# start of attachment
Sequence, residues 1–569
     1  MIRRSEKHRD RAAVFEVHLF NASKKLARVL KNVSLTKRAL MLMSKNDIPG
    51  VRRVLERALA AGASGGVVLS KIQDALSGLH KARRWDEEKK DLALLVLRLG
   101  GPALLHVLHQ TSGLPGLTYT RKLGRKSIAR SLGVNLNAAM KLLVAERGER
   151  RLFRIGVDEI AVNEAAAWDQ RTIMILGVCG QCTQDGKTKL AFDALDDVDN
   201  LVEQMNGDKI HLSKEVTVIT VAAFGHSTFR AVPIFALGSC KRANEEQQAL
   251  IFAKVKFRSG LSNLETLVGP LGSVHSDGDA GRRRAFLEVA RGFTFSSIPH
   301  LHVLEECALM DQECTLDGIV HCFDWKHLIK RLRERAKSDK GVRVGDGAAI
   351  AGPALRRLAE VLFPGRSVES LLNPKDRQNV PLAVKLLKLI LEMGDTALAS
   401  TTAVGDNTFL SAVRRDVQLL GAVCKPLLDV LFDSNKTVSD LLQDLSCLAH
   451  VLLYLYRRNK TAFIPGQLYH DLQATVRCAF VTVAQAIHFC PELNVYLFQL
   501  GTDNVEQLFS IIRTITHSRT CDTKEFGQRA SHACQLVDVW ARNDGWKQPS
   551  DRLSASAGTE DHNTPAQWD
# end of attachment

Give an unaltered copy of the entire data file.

Sequence, residues 1–569
     1  MIRRSEKHRD RAAVFEVHLF NASKKLARVL KNVSLTKRAL MLMSKNDIPG
    51  VRRVLERALA AGASGGVVLS KIQDALSGLH KARRWDEEKK DLALLVLRLG
   101  GPALLHVLHQ TSGLPGLTYT RKLGRKSIAR SLGVNLNAAM KLLVAERGER
   151  RLFRIGVDEI AVNEAAAWDQ RTIMILGVCG QCTQDGKTKL AFDALDDVDN
   201  LVEQMNGDKI HLSKEVTVIT VAAFGHSTFR AVPIFALGSC KRANEEQQAL
   251  IFAKVKFRSG LSNLETLVGP LGSVHSDGDA GRRRAFLEVA RGFTFSSIPH
   301  LHVLEECALM DQECTLDGIV HCFDWKHLIK RLRERAKSDK GVRVGDGAAI
   351  AGPALRRLAE VLFPGRSVES LLNPKDRQNV PLAVKLLKLI LEMGDTALAS
   401  TTAVGDNTFL SAVRRDVQLL GAVCKPLLDV LFDSNKTVSD LLQDLSCLAH
   451  VLLYLYRRNK TAFIPGQLYH DLQATVRCAF VTVAQAIHFC PELNVYLFQL
   501  GTDNVEQLFS IIRTITHSRT CDTKEFGQRA SHACQLVDVW ARNDGWKQPS
   551  DRLSASAGTE DHNTPAQWD